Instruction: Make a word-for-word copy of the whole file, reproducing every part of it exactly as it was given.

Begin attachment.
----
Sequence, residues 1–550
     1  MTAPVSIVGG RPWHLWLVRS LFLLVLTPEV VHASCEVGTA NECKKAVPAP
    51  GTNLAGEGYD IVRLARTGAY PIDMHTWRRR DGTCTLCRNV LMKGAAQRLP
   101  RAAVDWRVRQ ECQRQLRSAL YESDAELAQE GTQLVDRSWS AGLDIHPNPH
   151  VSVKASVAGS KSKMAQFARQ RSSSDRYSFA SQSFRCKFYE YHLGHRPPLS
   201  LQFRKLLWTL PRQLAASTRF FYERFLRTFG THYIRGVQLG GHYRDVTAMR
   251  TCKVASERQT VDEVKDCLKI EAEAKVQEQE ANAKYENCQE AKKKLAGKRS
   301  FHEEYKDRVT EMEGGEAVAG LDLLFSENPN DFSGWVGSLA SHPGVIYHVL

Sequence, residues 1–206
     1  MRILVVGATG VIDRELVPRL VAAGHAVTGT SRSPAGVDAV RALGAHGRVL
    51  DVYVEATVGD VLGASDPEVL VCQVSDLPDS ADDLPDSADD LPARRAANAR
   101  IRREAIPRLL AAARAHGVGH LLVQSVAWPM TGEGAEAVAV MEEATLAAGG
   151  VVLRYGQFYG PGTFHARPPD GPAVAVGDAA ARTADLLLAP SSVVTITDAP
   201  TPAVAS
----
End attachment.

Sequence, residues 1–550
     1  MTAPVSIVGG RPWHLWLVRS LFLLVLTPEV VHASCEVGTA NECKKAVPAP
    51  GTNLAGEGYD IVRLARTGAY PIDMHTWRRR DGTCTLCRNV LMKGAAQRLP
   101  RAAVDWRVRQ ECQRQLRSAL YESDAELAQE GTQLVDRSWS AGLDIHPNPH
   151  VSVKASVAGS KSKMAQFARQ RSSSDRYSFA SQSFRCKFYE YHLGHRPPLS
   201  LQFRKLLWTL PRQLAASTRF FYERFLRTFG THYIRGVQLG GHYRDVTAMR
   251  TCKVASERQT VDEVKDCLKI EAEAKVQEQE ANAKYENCQE AKKKLAGKRS
   301  FHEEYKDRVT EMEGGEAVAG LDLLFSENPN DFSGWVGSLA SHPGVIYHVL

Sequence, residues 1–206
     1  MRILVVGATG VIDRELVPRL VAAGHAVTGT SRSPAGVDAV RALGAHGRVL
    51  DVYVEATVGD VLGASDPEVL VCQVSDLPDS ADDLPDSADD LPARRAANAR
   101  IRREAIPRLL AAARAHGVGH LLVQSVAWPM TGEGAEAVAV MEEATLAAGG
   151  VVLRYGQFYG PGTFHARPPD GPAVAVGDAA ARTADLLLAP SSVVTITDAP
   201  TPAVAS